The results of the language section of the IPO have been shown to be predictors of better results in the learning probes. However, this relation was not corroborated by the present study, since the results only partially confirm learning. Based on the results of the PPVT-R, the level of vocabulary knowledge of two participants at the end of the experiment less than would be expected at their age may be an important indicator of learning by exclusion. It may be assumed that the level of receptive vocabulary knowledge affects new learning after minimal exposure to exclusion (Greer & Du, 2015; Schmidt et al., 2016), which is a hypothesis that requires empirical evidence. Accordingly, the vocabulary of children closer to 30 months should be proportionally greater than that of the younger children, which in turn may favor learning of words after few exposures.
One of the limitations of this study is the use of the same word-object relations in both Stage 1 and 2, given that in Stage 2 all participants had already had contact with the undefined words and their matching objects. In Stage 2, it could be said that there was a "re-exposure" to trials that were similar to the exclusion trial. It is suggested that in future studies the quantity of undefined word-object relations should be increased.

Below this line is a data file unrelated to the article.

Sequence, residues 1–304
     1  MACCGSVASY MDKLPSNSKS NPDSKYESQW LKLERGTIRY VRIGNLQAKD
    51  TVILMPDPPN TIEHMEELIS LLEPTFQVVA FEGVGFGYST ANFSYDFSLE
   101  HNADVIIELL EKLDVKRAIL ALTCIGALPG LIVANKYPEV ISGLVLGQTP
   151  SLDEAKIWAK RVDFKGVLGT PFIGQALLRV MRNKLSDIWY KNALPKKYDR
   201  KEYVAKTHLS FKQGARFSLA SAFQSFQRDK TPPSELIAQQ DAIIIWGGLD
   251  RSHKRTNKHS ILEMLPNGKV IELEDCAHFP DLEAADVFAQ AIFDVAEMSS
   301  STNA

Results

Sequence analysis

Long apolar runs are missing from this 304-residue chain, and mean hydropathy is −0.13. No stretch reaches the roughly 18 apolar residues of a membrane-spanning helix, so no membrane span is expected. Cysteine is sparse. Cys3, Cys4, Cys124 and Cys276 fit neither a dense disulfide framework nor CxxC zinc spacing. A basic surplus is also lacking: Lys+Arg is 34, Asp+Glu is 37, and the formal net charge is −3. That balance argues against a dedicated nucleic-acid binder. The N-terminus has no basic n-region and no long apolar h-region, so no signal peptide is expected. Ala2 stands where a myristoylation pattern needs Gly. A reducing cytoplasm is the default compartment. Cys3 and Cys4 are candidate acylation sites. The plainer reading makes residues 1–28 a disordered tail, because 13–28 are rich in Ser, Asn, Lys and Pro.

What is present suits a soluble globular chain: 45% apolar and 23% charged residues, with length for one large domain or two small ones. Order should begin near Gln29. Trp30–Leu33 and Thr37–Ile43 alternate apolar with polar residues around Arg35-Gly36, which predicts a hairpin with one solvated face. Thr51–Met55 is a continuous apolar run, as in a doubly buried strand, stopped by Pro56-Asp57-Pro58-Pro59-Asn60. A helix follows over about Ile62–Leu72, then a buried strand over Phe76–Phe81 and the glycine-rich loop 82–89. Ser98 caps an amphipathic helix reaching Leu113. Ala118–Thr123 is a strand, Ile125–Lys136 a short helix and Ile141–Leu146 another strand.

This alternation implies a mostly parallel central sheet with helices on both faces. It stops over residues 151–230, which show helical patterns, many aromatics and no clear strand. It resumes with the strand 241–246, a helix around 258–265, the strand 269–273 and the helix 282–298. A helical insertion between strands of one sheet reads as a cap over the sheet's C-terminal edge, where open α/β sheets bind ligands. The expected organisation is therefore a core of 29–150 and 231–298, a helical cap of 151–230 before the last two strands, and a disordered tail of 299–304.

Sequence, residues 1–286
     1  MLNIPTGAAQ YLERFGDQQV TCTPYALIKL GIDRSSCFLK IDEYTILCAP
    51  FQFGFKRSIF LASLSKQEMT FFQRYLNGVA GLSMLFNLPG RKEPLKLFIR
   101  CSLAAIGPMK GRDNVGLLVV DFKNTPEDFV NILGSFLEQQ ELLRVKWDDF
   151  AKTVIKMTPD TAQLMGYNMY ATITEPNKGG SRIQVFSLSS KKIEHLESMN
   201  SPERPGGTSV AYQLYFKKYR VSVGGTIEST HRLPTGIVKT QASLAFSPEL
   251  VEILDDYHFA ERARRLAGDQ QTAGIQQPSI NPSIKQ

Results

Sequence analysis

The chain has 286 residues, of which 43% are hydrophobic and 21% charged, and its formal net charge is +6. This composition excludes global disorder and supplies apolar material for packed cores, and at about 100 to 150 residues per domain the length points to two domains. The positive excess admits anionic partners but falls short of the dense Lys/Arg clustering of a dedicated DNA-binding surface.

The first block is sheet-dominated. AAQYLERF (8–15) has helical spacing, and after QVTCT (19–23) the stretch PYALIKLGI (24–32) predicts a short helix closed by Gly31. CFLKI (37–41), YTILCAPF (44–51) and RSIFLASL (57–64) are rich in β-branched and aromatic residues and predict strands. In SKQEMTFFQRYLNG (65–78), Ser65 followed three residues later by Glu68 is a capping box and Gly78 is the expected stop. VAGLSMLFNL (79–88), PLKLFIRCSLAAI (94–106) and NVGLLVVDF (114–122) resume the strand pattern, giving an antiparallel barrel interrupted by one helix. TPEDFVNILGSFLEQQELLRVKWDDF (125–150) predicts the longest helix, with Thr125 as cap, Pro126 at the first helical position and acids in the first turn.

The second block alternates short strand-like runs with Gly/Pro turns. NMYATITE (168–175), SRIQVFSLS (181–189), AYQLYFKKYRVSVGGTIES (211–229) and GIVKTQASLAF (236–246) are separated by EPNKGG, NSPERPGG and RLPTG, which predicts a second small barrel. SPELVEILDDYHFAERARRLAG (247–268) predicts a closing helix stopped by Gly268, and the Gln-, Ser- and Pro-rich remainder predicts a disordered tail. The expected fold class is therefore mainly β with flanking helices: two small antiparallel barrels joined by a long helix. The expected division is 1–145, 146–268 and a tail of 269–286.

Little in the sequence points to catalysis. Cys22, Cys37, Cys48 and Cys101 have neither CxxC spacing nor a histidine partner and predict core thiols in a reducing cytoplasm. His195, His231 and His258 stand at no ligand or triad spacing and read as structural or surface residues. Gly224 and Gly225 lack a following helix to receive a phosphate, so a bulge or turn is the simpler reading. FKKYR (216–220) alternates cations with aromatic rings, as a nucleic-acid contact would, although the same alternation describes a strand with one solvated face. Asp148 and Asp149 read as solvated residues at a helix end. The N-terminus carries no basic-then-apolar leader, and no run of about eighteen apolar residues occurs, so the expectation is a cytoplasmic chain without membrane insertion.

The results of this study provide further evidence supporting the generality of the phenomenon of exclusion responding in children aged between 16 and 24 months, demonstrating its occurrence regardless of the presentation of a novel stimulus among the Cos. The fact that the results only partially confirm learning, partially corroborate the findings of other studies (T.A. Ribeiro, 2013; Sertori, 2013), suggesting that procedures need to be improved. The findings also suggest that, among toddlers, conflicting sources of control (Dube & McIlvane, 1996)--such as preference for novel stimuli--may come into play in trials designed to test learning. The improvement of learning assessment methods would allow a better understanding of this phenomenon among young children and help define teaching procedures, and should be the focus of future research into learning by exclusion among this population group.